These are not your usual recordings. They are field recordings, created by fans on cassette tapes with equipment sitting on jazz club tables or attached to house sound systems, catching a master jazz musician and his band in acts of purest creativity. Woody has been labeled by many jazz critics and historians as the "Last Great Innovator" and has influenced jazz performers of all instruments ever since his arrival on the scene in the early 60s and beyond his death in 1989. Previously unreleased field recordings from the 1970's and '80's courtesy of Woody Shaw III and Steve Turre. Produced with the help of the Woody Shaw Global Arts Foundation. Liner notes include commentary by jazz historian Tammy Kernodle and jazz trumpeter/educator Pat Harbison.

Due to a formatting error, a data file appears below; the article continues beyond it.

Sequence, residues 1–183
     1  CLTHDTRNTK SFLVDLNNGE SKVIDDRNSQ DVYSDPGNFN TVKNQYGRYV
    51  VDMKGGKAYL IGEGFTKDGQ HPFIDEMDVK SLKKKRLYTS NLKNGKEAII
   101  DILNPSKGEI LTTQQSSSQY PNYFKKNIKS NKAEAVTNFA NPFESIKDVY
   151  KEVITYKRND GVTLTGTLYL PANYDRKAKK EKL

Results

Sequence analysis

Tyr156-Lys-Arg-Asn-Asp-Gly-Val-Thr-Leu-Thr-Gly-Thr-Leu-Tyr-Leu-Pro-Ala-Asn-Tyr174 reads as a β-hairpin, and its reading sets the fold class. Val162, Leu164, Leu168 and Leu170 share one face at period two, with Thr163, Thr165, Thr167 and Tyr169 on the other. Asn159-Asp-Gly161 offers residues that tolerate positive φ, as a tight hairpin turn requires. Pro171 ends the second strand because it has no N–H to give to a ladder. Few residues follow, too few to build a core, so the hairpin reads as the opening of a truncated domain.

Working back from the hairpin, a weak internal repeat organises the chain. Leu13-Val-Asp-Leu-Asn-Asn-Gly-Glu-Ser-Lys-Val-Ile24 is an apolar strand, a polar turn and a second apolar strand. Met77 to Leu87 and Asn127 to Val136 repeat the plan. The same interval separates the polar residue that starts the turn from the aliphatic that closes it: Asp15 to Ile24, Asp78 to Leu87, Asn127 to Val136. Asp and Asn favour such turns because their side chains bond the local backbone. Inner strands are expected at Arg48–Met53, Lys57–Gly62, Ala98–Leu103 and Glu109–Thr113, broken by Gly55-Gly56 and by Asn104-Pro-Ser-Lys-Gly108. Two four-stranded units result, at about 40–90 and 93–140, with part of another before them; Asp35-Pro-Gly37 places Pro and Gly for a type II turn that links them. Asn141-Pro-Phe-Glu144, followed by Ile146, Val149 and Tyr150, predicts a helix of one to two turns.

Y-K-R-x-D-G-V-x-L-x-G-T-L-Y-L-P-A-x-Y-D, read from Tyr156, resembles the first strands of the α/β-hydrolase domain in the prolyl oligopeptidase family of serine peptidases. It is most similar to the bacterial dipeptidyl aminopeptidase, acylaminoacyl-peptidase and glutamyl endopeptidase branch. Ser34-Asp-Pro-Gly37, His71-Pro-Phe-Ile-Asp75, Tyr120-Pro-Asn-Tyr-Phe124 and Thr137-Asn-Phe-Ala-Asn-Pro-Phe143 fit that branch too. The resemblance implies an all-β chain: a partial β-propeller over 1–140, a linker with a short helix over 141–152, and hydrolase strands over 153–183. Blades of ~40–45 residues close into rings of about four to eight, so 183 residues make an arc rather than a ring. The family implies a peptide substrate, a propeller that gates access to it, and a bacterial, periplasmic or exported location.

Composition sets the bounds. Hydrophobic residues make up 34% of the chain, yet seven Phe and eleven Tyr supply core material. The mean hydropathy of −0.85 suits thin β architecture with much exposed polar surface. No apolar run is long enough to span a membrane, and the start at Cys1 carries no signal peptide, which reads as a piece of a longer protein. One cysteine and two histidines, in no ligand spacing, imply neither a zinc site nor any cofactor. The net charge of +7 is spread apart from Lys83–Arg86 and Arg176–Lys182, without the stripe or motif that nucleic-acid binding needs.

Marlena Shaw has been a consistently popular soul and jazz artist wordwide for over four decades thanks to anthems like "Woman Of The Ghetto" and "California Soul ". Originally released in 1979, "Take A Bite" was her third and final album for Columbia Records but unlike its predecessors, the first part of the original LP had a specific musical concept and construct. Working with highly successful disco producers Meco Menardo and Tony Bongiovi (with hits by Gloria Gaynor, etc.) and respected musical arranger/producer Harold Wheeler, the first six tracks were created as a non-stop dance music extravaganza, "Suite Seventeen," strung together with a disco reading of Frank Sinatra's "It Was A Very Good Year" and one of Marlena's famous monologues ("I'm A Foster Child").
"A thoroughly researched and fascinating survey of Shaw's relations with French culture, containing a wealth of new information. Indispensable for every library and for any scholar henceforth investigating Shaw and the French."– John A. Bertolini, Middlebury College